My friend Meselesh and I lived in the same apartment block. We had met the day we moved in, and since then, had been in and out of each other’s apartments daily. We traded babysitting, shared recipes, and our families often had meals together. Our children were inseparable, her two girls happily playing with my one.

Meselesh and her husband, Richard, were thrilled when she became pregnant. The two girls, Hayat and Jasmin, were Meselesh’s children – her previous husband had died in a plane crash – so this would be their first child together.

When the time came for the birth, all went well, and Meselesh came home with a baby boy. When I saw her the next day, however, she was worried. Her baby was not eating. She was providing plenty of milk, and he was clearly hungry, but when he started to suck, he gagged and regurgitated and turned away. This had happened throughout the night, and she wanted to take him back to the hospital to see a doctor.

Since Richard was at work, I drove her to the emergency room. After a brief visit, she came to the waiting room with a doctor who was busy reassuring her that nothing was wrong. “You are very lucky, Mrs. Lane,” I recall his saying. “Most of the new mothers we see are worrying because they cannot provide enough milk. You just wait and see. Your baby will be fine.”

We heard much the same story from the doctor on duty the next day, when after another 24 hours of watching her hungry baby turn away from the breast, we returned to the hospital.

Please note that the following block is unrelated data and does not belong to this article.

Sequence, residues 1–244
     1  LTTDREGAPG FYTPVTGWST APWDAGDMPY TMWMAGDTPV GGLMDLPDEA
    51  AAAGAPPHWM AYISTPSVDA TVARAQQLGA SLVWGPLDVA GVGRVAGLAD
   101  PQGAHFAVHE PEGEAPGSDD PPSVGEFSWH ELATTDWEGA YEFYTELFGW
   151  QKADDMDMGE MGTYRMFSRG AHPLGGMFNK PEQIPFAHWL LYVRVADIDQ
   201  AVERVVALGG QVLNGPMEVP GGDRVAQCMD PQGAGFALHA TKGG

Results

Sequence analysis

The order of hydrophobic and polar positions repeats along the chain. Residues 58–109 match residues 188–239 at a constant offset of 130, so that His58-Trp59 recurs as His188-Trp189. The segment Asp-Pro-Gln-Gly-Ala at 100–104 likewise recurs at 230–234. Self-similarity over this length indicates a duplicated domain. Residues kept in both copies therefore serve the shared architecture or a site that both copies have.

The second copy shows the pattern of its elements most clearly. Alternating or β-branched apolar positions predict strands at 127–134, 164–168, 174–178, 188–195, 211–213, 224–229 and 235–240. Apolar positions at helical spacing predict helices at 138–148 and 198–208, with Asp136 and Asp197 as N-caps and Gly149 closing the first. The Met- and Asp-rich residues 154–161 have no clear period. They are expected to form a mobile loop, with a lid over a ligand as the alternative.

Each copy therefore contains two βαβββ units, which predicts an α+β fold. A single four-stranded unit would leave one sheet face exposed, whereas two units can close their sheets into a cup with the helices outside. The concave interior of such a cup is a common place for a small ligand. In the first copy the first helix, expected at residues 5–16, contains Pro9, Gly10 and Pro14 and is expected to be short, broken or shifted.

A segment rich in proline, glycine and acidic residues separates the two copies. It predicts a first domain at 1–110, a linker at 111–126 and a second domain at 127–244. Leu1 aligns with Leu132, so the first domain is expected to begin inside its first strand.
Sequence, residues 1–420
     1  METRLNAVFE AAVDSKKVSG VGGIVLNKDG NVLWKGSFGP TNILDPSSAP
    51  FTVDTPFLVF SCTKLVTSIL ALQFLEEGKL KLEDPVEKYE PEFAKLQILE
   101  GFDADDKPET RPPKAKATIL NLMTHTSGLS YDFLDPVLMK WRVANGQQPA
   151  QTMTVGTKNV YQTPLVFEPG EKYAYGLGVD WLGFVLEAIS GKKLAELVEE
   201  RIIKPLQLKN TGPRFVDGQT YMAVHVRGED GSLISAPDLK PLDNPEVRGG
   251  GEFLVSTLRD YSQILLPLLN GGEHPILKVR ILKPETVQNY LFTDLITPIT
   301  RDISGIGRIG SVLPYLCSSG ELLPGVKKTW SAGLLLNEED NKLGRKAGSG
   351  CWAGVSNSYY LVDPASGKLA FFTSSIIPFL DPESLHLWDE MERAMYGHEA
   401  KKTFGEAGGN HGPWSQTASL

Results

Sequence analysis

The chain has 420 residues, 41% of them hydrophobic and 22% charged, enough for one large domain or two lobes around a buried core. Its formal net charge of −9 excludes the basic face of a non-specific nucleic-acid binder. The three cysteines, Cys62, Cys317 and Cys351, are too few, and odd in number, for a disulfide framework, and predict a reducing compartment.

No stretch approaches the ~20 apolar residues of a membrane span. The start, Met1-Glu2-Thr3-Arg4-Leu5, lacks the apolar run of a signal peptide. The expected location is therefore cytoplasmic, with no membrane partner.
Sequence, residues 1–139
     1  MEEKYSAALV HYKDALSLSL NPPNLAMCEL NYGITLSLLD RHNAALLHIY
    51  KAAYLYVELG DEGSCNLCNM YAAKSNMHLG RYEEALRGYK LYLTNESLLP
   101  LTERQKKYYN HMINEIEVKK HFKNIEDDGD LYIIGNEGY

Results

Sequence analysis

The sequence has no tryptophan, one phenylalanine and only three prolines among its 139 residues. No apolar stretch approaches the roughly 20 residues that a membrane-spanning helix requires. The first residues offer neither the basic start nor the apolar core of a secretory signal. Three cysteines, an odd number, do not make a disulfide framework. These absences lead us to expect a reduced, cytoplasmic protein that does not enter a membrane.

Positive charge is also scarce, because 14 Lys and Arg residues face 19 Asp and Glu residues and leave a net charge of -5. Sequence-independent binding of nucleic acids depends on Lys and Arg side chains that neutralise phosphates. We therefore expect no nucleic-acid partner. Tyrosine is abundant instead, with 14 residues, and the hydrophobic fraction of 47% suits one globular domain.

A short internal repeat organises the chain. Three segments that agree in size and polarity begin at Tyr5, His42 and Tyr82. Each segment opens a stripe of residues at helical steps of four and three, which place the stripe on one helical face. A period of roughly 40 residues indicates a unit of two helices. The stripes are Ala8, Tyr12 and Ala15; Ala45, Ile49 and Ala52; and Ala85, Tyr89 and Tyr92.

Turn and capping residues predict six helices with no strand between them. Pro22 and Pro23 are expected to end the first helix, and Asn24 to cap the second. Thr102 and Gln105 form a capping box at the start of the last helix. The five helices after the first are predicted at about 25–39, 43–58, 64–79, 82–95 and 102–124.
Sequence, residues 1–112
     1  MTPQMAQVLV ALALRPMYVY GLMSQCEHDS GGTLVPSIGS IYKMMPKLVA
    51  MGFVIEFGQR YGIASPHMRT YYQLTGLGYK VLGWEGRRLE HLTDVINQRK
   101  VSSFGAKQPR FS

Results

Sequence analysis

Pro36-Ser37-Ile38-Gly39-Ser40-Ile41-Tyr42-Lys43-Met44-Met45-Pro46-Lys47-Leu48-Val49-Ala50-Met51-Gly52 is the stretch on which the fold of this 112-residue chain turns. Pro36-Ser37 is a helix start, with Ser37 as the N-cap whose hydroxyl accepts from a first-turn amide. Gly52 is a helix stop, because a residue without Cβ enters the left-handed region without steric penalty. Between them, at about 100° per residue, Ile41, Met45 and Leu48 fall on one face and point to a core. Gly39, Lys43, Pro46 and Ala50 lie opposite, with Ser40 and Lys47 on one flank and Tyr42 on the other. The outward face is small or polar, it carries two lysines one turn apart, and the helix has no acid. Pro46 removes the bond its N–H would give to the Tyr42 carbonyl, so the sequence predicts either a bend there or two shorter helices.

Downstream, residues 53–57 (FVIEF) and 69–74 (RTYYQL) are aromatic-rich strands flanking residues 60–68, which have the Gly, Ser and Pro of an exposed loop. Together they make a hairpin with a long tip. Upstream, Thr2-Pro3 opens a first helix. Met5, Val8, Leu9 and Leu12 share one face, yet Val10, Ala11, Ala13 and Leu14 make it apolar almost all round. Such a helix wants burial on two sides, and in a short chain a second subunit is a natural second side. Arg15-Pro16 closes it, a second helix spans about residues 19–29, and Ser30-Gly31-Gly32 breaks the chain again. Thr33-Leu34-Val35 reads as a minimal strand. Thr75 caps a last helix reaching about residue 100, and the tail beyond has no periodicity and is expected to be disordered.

Day three was a different story. The medical staff quickly realized they saw a very distressed infant and rushed him off to intensive care. There he stayed for two days, till he died, of pneumonia. His milk had been going into his lungs rather than his stomach, a fact that a simple examination would have revealed. Why that wasn’t done was never explained, probably for legal reasons.

The doctors had failed to recognize that Meselesh was an experienced mother who had successfully breastfed two children. Her explanations of the baby’s behavior were ignored, and they repeatedly told her there was no reason to worry. Many a mother can identify with that disregard. But Meselesh was telling them something more. She pointed to her son’s skin color as evidence of his distress.

Just as a white-skinned child is paler when sick, so too was this baby. But that didn’t register with those who only saw “black,” not shades of black, and especially not “grey” as the skin color of a sick child. So, for two days, her insistence that there was something seriously wrong was rejected by those who could not recognize the signs of a sick black child.

This is but one example of what happens to people of color, daily, in all walks of life. It is why ‘systemic racism’ is a disease we must all work on, searching for a cure that is embedded deep in our institutions and in our daily habits. It is hard work, but it is essential.

Written by Sheila Spear, in fond remembrance of Meselesh, and with love to Jasmin, who approved my telling this story.